Despite the great significance of understanding business failure factors, limited but growing knowledge base, especially on small-business domain, can be found in the literature. Furthermore, the available articles in this domain are scattered across various fields such as business, management, finance, psychology, and entrepreneurship; and no proof could be found that these investigations have ever been comprehensively reviewed. Most studies have focused on prediction of failure through applying financial models; but the focus of this paper is on causes of business failure. Therefore, the present study seeks to answer to this question that: do successful and unsuccessful entrepreneurs have different viewpoints on business failure factors?

The structure of the paper is as follows. “The theoretical framework” section conducts a theoretical overview about exploring business failure factors based on successful and unsuccessful entrepreneur’s viewpoints. “Methods” section is based on quantitative research approach and uses questionnaires to explore business failure factors. “Results” section expresses the exploratory findings, paying special attention to failure factors based on successful and unsuccessful entrepreneur’s viewpoints, and also prioritizes the identified factors. Finally, “Discussion and Conclusion” section concludes and puts forward suggestions for SME owners, supporting institutions, and researchers, and presents some limitations of the study.

The theoretical framework

Business failure

In general, many different terminologies are related to business failure, such as firm closure, entrepreneurial exit, dissolution, discontinuance, insolvency, organizational mortality, and bankruptcy (Cardozo & Borchert [2004]). Typically, entrepreneurial failure is defined as the cease of an operation for financial reasons, but one type of entrepreneurial failure is the discontinuance of venturing efforts by entrepreneurs (Liao et al. [2008]). In particular, definitions of business “disappearance”, “closure”, “exit”, and “failure” are confusing and often overlapping (Cardozo & Borchert [2004]; Stokes & Blackburn [2002]). Nonetheless, a failed business is the one which have to sell or liquidate in order to avoid losses or pay off the creditors, or the one which is unable to make a profitable go of the business (Gaskill et al. [1993]). Pretorius ([2009]) reviewed the business failure definitions, and suggested a universal definition for the failure phenomenon: “a venture fails when it involuntarily becomes unable to attract new debt or equity funding to reverse decline; consequently, it cannot continue to operate under the current ownership and management” (Pretorius [2009]).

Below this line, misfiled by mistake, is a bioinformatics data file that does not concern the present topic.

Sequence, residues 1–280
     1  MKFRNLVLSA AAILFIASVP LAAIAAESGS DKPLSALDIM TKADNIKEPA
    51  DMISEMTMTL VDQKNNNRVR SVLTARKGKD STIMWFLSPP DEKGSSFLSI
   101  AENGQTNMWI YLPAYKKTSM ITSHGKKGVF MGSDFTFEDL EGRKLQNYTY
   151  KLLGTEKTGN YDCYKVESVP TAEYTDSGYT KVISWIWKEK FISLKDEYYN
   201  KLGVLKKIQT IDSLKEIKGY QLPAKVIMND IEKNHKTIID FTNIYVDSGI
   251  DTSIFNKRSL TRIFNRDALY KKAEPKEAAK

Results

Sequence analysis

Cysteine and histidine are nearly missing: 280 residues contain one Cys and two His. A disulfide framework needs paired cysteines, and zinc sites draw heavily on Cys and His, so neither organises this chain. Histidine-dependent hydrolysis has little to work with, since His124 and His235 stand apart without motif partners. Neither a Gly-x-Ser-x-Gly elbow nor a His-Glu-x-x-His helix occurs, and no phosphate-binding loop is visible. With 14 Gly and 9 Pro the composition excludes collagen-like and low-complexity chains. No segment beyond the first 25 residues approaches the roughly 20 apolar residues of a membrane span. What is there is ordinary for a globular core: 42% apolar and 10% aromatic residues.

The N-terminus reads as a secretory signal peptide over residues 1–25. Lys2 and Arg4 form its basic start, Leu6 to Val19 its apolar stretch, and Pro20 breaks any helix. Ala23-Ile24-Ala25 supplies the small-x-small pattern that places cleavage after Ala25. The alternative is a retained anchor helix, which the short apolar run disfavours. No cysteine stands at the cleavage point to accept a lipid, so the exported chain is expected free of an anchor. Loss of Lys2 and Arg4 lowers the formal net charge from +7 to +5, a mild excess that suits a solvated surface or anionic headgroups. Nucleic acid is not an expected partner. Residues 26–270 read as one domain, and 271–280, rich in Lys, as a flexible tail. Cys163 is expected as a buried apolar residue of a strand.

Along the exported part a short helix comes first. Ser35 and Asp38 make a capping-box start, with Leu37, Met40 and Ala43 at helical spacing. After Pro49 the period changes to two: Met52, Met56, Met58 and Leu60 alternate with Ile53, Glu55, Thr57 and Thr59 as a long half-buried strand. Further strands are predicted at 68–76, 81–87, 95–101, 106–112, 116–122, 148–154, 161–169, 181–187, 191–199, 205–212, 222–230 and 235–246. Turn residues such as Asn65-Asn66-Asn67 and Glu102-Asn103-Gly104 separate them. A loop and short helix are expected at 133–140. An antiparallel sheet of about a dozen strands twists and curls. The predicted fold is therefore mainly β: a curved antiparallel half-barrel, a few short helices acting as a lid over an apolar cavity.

Causes of business failure

The failure literature reveals a large number of failure prediction models which are generally based on financial indications (Beynon & Peel [2001]; Dimitras et al. [1999]; Ooghe et al. [1995]; Pompe & Bilderbeek [2005]). More analysis on basic causes of business failure is needed to be done in the literature. Publications concerning causes of failure, on the other hand, generally examine only a limited number of non-financial causes or focus on specific types of enterprises, such as small ones (e.g. Back [2005]; Everett & Watson [1998]) or established companies (e.g. Charan et al. [2002]; Hambrick & D’ Aveni [1992]; Sheppard [1995]).

Various causes for business failure may originate either from the external environment or from factors internal to the business. While some external causes are not so predictable, internal causes of business failure could in many cases be forecasted in advance. In most cases, a complex mixture of causes contribute to business failure; it is very rare for one single factor to be involved (FEE [2004]). According to the literature, the variables that explain firm failure can be grouped into four broad categories: (1) firm specific, (2) industry specific, (3) macro-economic, and (4) spatial or geographic factors (Maoh & Kanaroglou [2007]). Ooghe and De Prijcker ([2008]), classified causes of bankruptcy into four groups of factors: general environment (economics, technology, foreign countries, politics, and social factors), immediate environment (customers, suppliers, competitors, banks and credit institutions, stockholders, and misadventure), manager/entrepreneur (motivation, qualities, skills, and characteristics) and corporate strategy (strategy and investments, operations, personnel, and administration).